exposing the dark side of adoption
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About a boy


THE general sigh of satisfaction that greeted the High Court judgment in relation to little Tristan Dowse must be tempered by questions relating to the enforcement of the orders and the monitoring of the large awards (in Indonesian terms) made to the child.

But first, the players who brought this extraordinary saga to a just conclusion are to be congratulated.

The perseverance of the Attorney General, the Minister for Foreign Affairs Dermot Ahern and the principal whistleblower, journalist Ann McElhinney, culminated in wise and humane rulings by Judge John MacMenamin.

The couple who adopted and then abandoned the four-year-old Indonesian boy have been ordered to pay more than €100,000 to secure his future.

Joseph Dowse and his wife Lala must pay an immediate lump sum of €20,000 to Tristan and a further lump sum of €25,000 when he reaches the age of 18.

They also have to pay maintenance of €350 per month until he is 18 years of age.

These are fortunes in Indonesian terms. They were based on the middle class lifestyle that the Dowses could have given Tristan.

Even though half the €350 each month will go into a fund controlled by the High Court until Tristan is 18, and even though Tristan has been given the protection of the Irish High Court as a ward of court, there must be concerns about what will happen in the years ahead.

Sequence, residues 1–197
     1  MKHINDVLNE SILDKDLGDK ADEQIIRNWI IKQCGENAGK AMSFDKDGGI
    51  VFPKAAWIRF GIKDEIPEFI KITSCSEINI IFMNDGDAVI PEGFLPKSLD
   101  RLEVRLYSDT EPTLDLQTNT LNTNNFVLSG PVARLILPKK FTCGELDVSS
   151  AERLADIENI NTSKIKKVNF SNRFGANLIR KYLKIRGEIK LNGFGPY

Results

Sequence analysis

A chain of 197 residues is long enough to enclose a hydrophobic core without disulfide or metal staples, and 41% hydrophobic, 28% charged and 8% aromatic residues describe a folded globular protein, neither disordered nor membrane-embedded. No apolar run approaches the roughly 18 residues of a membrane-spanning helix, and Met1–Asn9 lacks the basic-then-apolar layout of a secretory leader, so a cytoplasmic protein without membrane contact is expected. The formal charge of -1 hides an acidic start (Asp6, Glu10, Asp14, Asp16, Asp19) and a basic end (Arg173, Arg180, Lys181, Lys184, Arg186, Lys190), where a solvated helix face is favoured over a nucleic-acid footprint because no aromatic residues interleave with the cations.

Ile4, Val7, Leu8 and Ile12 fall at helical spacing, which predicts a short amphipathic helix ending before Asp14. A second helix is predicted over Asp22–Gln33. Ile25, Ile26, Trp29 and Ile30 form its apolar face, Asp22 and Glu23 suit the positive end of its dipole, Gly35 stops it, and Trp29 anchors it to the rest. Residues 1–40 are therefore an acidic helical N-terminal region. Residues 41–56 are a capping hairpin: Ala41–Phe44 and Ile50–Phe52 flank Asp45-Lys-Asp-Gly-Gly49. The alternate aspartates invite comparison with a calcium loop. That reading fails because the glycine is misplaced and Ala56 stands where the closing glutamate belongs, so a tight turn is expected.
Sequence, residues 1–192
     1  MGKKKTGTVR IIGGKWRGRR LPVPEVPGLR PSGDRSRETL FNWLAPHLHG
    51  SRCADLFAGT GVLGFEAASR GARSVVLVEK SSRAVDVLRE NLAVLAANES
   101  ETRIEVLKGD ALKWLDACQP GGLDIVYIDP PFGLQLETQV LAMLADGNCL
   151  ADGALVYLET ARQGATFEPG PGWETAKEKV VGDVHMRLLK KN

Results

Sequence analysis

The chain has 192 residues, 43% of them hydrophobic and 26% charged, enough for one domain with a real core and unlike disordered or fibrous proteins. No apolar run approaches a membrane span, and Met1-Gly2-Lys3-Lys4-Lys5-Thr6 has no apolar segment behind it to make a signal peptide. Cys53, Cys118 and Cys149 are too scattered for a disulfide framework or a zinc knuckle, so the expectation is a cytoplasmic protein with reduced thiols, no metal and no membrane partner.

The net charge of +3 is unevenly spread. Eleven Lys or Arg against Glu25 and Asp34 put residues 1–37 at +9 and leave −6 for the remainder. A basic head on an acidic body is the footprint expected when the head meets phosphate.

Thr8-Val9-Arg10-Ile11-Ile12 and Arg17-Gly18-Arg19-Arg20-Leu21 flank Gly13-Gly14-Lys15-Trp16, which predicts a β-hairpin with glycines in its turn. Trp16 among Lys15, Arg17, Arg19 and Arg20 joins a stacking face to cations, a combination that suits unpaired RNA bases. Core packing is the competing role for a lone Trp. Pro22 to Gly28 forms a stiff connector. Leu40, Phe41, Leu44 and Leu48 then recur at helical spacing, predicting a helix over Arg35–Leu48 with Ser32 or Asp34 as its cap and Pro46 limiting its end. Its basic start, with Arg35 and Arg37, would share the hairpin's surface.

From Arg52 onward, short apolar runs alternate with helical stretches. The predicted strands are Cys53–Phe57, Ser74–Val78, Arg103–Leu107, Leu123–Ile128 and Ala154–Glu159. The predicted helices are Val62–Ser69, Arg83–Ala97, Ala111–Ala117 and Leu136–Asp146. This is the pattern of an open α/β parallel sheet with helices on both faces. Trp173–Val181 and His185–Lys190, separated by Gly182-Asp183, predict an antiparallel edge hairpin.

Are the child and his mother to be left to handle their future on their own?

Little is known about Tristan's mother, Suryani, except that in the past she has proven vulnerable to unscrupulous people. She allegedly sold her son before he was born. She is a single mother with two other children. Now reunited, mother and son live in a working class area of Tegal, an industrial city north of Jakarta.

It appears obvious that Suryani is in need of advice and personal guidance in light of the awards to her son. It has even been suggested that perhaps some of the moneys awarded might have been directed towards direct support by qualified carers.

Happily, the Irish Ambassador to the region was able to report to Judge McMenamin that the four-year-old is in good health and good humour. Long may he remain so.A room for the night

2006 Feb 24